Towards the goal of exploiting hES cells for novel hematopoietic cell reconstitution and HIV gene therapies, here we have shown that phenotypically normal and functionally competent dendritic cells could be differentiated from hES-CD34+ cells. Moreover, we also have demonstrated for the first time that hES-DCs can be productively infected with HIV-1 thus allowing future testing of anti-HIV therapeutic genes such as siRNAs for efficacy in these cells.
In these studies, we induced hES derived CD34+ cells to differentiate into myeloid DCs in the presence of cytokines SCF, GM-CSF, Flt3, IL-3, TNF-α, and IL-4. CD34+ cells derived from human fetal liver were also evaluated in parallel for comparison. Based on FACS analysis for surface markers during culture, CD34+ cells differentiated into mature myeloid DCs showing the typical CD1a phenotype similar to those derived from FL CD34+ cells. The morphology and phenotypic characteristics of hES-DCs were found to be similar to that of DCs derived from fetal liver CD34+ cells cultured in parallel.
It is important that hES-DCs are also functionally normal for future applications. Therefore we analyzed the functional markers HLA-DR (MHC-II), B7.1 (CD80), and B7.2 (CD86) typically expressed by mature DCs. The antigen presenting cell surface marker, HLA-DR present on mature DCs is critical for antigen presentation to CD4+
T cells and the co-stimulatory molecules B7.1 and B7.2 are needed to activate T cells. The mature hES-DCs expressed HLA-DR, B7.1, and B7.2 surface molecules which were comparable with levels expressed in FL-DCs. Consistent with the DCs' ability, the hES-DCs also showed normal capacity for antigen capture as evidenced by dextran uptake. We further analyzed the capacity of hES-DCs to induce proliferation of allogeneic T cells in a mixed leukocyte reaction. Our results showed that hES-DCs indeed are capable of mediating this allogeneic response. We also evaluated the expression of another cell surface molecule, DC-SIGN (CD209) which is a DC-specific adhesion receptor belonging to the C-type lectin family involved in the interactions with T cells [13
]. Our results showed similar levels of DC-SIGN in hES-DCs and FL-DCs. The above data taken together showed that hES-DCs are phenotypically and functionally normal.
It is known that HIV-1 can infect DCs with the virus remaining stable for long periods. DCs transmit the virus efficiently to CD4 T cells and therefore play an important role in HIV-1 infection. Our results showed that hES-DCs were susceptible to HIV-1 infection similar to that of FL-DCs. However, not all the cells in the culture were productively infected and the levels of viral production are low. This is consistent with previous findings that DCs support only a low level replication and fully mature DCs may have a block in viral replication [13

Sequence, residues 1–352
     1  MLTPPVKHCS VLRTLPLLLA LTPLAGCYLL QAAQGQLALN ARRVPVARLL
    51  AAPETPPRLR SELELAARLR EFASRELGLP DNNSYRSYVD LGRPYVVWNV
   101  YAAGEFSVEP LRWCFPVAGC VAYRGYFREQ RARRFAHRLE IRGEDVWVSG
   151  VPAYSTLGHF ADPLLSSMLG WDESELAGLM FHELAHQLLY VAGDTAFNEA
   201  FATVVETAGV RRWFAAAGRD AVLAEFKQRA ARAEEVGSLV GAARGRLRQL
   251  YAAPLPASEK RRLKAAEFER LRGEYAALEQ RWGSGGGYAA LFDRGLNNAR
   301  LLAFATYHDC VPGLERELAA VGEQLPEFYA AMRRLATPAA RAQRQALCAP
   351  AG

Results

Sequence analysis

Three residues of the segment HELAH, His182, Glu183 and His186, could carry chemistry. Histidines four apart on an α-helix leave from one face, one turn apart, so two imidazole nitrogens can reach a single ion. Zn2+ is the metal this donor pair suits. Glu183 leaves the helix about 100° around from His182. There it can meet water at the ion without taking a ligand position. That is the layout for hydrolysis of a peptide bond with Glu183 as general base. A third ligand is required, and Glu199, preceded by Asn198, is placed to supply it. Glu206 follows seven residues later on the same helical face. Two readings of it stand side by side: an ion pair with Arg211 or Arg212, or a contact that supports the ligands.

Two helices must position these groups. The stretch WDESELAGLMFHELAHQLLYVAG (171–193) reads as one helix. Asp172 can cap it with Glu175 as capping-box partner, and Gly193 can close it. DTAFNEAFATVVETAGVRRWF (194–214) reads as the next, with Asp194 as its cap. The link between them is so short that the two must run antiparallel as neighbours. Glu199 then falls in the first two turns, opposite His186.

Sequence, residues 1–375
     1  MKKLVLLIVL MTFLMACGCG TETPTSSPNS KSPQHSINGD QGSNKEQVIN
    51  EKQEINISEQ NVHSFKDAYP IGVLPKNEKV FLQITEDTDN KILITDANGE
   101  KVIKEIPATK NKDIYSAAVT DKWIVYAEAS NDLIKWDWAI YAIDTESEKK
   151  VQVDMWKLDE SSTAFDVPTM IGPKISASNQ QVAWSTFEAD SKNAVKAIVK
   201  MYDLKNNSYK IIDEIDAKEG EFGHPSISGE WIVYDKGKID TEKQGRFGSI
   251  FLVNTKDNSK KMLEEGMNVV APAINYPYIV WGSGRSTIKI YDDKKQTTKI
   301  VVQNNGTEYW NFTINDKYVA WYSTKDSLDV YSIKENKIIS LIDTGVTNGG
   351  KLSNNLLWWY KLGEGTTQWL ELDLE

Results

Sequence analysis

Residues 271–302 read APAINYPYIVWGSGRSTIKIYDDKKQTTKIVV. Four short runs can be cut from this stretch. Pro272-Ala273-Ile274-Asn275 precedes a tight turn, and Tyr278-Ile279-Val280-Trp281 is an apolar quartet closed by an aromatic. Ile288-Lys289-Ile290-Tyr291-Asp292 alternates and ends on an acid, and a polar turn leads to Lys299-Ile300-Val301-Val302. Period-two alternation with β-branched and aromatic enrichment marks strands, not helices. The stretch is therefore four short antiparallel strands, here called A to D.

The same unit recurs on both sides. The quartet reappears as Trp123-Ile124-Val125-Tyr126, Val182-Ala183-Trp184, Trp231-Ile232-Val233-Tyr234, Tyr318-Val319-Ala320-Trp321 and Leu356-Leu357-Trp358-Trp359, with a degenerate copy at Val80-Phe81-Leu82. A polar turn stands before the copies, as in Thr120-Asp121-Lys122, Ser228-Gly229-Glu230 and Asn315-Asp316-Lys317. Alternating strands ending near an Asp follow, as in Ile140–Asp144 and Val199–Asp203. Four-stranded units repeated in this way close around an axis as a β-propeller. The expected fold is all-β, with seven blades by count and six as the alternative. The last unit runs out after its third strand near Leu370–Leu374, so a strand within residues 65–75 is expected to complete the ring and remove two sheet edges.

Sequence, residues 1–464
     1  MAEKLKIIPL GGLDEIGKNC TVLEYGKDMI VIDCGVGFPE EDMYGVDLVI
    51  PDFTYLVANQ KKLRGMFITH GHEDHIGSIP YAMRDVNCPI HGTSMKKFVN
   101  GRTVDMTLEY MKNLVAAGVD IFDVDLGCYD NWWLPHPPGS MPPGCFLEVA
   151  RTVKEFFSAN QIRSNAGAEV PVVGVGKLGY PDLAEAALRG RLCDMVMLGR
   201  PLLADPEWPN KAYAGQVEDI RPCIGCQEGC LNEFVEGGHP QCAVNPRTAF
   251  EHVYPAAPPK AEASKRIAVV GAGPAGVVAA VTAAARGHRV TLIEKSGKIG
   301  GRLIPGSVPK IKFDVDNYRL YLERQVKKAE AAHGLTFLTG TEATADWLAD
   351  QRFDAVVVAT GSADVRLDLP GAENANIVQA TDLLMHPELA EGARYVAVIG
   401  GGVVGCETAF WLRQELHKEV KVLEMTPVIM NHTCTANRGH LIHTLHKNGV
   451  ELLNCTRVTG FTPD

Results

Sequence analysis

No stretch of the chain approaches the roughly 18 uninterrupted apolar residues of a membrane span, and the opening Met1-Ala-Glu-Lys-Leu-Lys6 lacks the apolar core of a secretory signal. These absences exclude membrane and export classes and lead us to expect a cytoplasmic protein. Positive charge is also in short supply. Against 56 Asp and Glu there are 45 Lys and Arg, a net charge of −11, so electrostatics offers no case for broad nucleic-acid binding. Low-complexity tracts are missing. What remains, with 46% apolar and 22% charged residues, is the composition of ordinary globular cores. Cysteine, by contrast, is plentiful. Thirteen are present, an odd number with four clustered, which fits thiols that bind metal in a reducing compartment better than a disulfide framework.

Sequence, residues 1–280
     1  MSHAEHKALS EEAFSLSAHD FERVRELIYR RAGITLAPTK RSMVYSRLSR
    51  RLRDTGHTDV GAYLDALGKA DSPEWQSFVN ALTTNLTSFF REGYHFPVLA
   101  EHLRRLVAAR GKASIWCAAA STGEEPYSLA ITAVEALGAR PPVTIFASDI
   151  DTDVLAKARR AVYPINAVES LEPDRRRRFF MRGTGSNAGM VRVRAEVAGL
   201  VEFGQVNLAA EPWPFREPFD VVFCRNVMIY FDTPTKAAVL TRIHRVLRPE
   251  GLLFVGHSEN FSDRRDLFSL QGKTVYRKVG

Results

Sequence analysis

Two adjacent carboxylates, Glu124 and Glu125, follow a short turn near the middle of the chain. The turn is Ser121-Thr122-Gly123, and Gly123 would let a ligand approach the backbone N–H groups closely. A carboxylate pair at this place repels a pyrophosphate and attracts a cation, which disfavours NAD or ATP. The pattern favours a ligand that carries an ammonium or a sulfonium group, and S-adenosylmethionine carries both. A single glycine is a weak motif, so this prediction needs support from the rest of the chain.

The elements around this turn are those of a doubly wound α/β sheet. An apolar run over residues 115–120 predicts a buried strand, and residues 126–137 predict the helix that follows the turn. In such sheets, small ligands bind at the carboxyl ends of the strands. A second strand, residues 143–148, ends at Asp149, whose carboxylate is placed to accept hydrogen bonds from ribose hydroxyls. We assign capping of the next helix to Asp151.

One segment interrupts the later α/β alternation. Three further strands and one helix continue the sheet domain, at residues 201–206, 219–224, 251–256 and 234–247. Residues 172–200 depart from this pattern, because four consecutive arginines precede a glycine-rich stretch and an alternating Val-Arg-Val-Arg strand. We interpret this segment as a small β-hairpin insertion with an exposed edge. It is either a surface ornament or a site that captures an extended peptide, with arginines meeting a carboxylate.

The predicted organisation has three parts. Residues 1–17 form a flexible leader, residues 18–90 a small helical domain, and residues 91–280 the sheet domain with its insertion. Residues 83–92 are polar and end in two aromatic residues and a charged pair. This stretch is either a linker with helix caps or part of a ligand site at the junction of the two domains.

]. A recent report has also demonstrated the derivation of physiologically normal DCs from hES-CD34+ cells using a different protocol and compared these to those derived from adult human CD34+ cells and peripheral blood monocytes [19
]. Our results are in agreement and confirmed these previous findings, and additionally extended them further by demonstrating that hES-DCs are also susceptible to HIV-1 infection.
In HIV-1 disease, infection of CD4 T cells leads to their eventual decline whereas infection of monocytes/macrophages and dendritic cells leads to continued viral spread and defects in antigenic presentation thus exacerbating the disease process [14
]. We previously demonstrated the derivation of macrophagres from hES-CD34+ cells whereas studies of Galic et al [20
] derived functional T cells from hES-CD34+ cells in vivo using humanized mice. Whether the hES derived T cells support HIV-1 infection remains to be determined. Lentiviral vector transduction of hES cells and derivation of functional macrophages and T cells that retained the expression of the transgene established that hES cells are tractable for deriving gene modified end-stage primary hematopoietic cells [10
]. Moreover, our present results together with our previous findings that both hES derived DCs and macrophages are susceptible to HIV infection paved the way for testing anti-HIV constructs introduced into either hES cells or their derivative hematopoietic progenitor CD34+ cells. Thus far many previous studies including our own evaluated a variety of anti-HIV gene constructs in a hematopoietic stem cell setting using CD34+ cells from routine sources such as bone marrow and cord blood [11
]. Newer and more potent novel constructs such as siRNAs are currently being investigated some of which are currently entering clinical trials [21
]. In addition to anti-HIV genes with a direct inhibitory action on viral molecules, siRNAs and ribozymes that down regulate cellular molecules that aid in HIV-1 infection such as viral coreceptors CCR5 and CXCR4 also show considerable promise [22
]. Such constructs can now be introduced into hES cells and their efficacy tested in end-stage cells represented by DCs, macrophages, and T cells.
In summary, our data demonstrated the development of terminally differentiated DCs derived from hES cells. The hES-DCs display typical DC morphology, express normal phenotypical markers, are capable of antigenic stimulation, and support HIV-1 infection.